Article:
4. Build new LAPD Van Nuys headquarters directly on VNB so that the police presence is visible and people feel safer.

    1. You’re on the front lines, I’m not, so I’ll defer as to the rank ordering. That said, I’m very supportive of his desire for more bus stop shade. (It’s one of those “blocking and tackling” basics that is often overlooked in place of grandiosity.) To this day most “bus stops” in Irvine are a pole in the sidewalk. To their credit, my Santa Ana has over the past couple years installed dozens of modernized bus stops with shade and bum-deterring benches.

  3. What “small business” is Mr Kim involved in? And that Columbia degree…..In WHAT? If he has some silly social science degree, I don’t care if it comes from Columbia or Northridge….it would still carry the same (light)weight with me.

    Much has been said about the problems with our geriatric rulers on the national stage. Undoubtedly true. On the other hand, looking at this five, I would motion that you have to be at least 40 to entertain a council run. A council filled with young activist types is no way to run a city.

    Mr Kim seems earnest enough. But on some of the issues he seems shockingly ignorant, and on others to be as naive as Ned Flanders.

    Lastly: Contact a real estate agent. LA’s on a schneid with no light at the end of the tunnel. I see absolutely nothing on the horizon that would give hope for a change in course.

  4. “There may be one off cases, but no one really want to be on the streets. Or they are just different. For the vast, vast majority, they don’t want to be there.”

    Wrong. The vast majority do want to be there, in your mild climate with benefits both private and public.
    The price of being off the street is curtailing drug use, obeying rules and showing up on time for 30 or more years.

    Nice guy. He is a large part of the problem.

    1. Exactly, they do want to be there. There is nothing new under the sun, and these are the same sort of people we used to regard as destructive misfits. Now we valorize them.

    1. I agree with him and with some of the comments as well. There are homeless individuals who refuse to get help because they don’t stop using drugs and doing criminal activity. There are also others that have live in California and lost their jobs or become ill. They don’t have family to assist. The cost of living is very expensive. They fall through the cracks. Thanks for sharing your article.

  5. And as a service to your 6th District readers….

    —-Meet The Candidates For Nury Martinez’s LA City Council Seat—-

    Of the six, five of them have spent their entire adult lives as activists, community organizers, city council errand boys (or girls), or cogs in the Homeless Industrial Complex, often in combination. Only Mr Kim stands out (he runs an online men’s grooming and skin care business.) Though even he’s a bit worrisome (“….he calls for expanding rent control, “pushing oil drilling out of CD-6,”….)

    Oil drilling? There is no active oil drilling in his district. (I checked. ) There were at most a dozen or so wells ever drilled, all of which were abandoned and capped probably sometime around the Chinatown era. That’s a pure virtue signal. He might just as well have said he supports patrols for encroaching polar bears.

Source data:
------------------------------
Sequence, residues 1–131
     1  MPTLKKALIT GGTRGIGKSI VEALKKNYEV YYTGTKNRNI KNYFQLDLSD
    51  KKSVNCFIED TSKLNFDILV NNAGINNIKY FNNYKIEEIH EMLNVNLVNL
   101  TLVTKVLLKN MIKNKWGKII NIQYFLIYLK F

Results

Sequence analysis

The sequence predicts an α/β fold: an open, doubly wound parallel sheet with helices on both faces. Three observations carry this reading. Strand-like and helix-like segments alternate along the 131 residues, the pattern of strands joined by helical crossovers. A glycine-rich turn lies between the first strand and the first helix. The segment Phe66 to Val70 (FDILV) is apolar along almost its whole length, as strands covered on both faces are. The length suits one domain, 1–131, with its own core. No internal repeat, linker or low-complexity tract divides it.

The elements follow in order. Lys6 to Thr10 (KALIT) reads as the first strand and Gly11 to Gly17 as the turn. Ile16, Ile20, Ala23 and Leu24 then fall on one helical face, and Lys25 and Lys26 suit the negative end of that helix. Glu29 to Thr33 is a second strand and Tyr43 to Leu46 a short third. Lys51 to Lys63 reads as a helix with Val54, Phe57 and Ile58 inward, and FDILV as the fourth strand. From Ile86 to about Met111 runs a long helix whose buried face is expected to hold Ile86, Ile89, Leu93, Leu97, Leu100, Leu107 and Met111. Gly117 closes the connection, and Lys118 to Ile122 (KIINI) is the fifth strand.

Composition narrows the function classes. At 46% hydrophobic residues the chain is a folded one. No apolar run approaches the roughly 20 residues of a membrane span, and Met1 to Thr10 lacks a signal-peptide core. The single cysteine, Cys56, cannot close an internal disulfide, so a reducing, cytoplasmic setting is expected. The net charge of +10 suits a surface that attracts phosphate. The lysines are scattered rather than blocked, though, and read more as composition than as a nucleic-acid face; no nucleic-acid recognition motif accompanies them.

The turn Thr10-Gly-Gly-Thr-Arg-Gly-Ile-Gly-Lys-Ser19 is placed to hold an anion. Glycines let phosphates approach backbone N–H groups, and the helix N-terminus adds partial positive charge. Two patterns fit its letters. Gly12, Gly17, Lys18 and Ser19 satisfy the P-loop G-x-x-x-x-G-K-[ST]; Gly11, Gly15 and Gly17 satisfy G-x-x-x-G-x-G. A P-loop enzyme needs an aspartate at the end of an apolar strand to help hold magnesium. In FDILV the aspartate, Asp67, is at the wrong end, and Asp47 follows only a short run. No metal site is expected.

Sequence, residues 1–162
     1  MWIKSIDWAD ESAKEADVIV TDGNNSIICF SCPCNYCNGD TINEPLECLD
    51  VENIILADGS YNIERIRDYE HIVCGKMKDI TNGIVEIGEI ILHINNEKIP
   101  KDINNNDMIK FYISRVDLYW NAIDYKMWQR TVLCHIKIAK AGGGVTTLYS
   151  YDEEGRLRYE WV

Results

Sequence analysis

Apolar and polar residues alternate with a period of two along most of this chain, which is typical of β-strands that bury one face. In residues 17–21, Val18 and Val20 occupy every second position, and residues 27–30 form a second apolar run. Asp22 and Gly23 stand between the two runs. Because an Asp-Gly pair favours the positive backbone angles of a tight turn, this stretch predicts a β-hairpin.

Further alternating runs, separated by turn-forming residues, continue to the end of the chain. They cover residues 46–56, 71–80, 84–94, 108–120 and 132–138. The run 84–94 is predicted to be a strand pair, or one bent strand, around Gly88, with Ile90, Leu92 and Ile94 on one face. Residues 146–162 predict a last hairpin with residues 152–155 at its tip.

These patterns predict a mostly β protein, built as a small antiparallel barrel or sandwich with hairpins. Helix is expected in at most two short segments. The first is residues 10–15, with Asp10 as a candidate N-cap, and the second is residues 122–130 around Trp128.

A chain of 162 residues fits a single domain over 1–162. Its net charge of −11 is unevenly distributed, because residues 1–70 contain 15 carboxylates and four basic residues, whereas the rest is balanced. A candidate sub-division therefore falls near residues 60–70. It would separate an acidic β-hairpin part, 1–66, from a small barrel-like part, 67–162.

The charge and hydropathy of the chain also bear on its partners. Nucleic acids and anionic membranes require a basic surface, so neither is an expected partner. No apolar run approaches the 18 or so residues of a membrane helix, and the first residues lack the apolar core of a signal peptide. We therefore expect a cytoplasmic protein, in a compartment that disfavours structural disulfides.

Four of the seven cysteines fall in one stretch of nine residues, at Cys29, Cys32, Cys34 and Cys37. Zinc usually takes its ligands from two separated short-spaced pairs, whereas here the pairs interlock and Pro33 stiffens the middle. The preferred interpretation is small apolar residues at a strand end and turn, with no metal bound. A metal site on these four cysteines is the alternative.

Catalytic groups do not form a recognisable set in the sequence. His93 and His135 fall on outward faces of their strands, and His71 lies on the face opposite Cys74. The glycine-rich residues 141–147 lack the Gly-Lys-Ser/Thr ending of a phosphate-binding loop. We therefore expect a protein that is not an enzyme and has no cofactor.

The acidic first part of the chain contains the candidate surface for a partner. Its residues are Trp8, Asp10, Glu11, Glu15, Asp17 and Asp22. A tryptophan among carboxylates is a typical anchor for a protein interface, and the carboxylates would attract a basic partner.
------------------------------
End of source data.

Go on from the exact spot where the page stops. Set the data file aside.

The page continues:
There’s your line-up, 6th District. You are so hosed.

    1. Nury’s former aide, Imelda Padilla, may prove to be the conservative of the progressive lane, if that makes any sense at all. We’ll see.

  6. “On the issue of crime. Shoplifting up to $950 being de facto legal…
    Wow. I didn’t know that. I’ll be honest that is something I never thought of.”

    I live in Virginia and I know this!

    The homeless are not going to log in for a weekly town hall Q&A, yet the majority of the dialog is empathetic to the homeless and drug addicted with little commentary on improving quality of life and community for those paying the bills.

    “At the end of the day the data doesn’t support that there is necessarily so much violence and terrible things happening to children due to proximity of encampments.”

    God help you all! The fatal logic here is that homeless encampments are at all tolerable in any community. The fact that they exist at all highlights systemic failures of leadership. Where did we stop aspiring to be better and build a better future for our descendants? The lowering of expectations and excusing of antisocial behavior has to reverse if there is to be any hope of solving these problems.

    1. All of L.A. suffers from a representation problem in which candidates pander to activist groups while ignoring everyone else. This phenomenon increases in low turnout elections. It wasn’t that long ago politicians lived in fear of the angry homeowner vote. Remarkably, District 6 was once the birthplace of the Prop. 13 tax revolt. Howard Jarvis owned apartment buildings in Panorama.

  7. I have a belief (let’s be clear, believing something doesn’t make it true) that change doesn’t come in an orderly fashion on a sunny day in June. Change comes when external forces overwhelm the collective inertia. That process is typically messy with all sorts of unintended knock-on effects. Bad systems aren’t necessarily replaced by perfect or even especially good ones. But the shock of abrupt change creates new opportunities for the nimble, crafty and observant. Today’s oppressive entrenched bureaucracies were yesterday’s glorious reformers. This is the sine wave of history.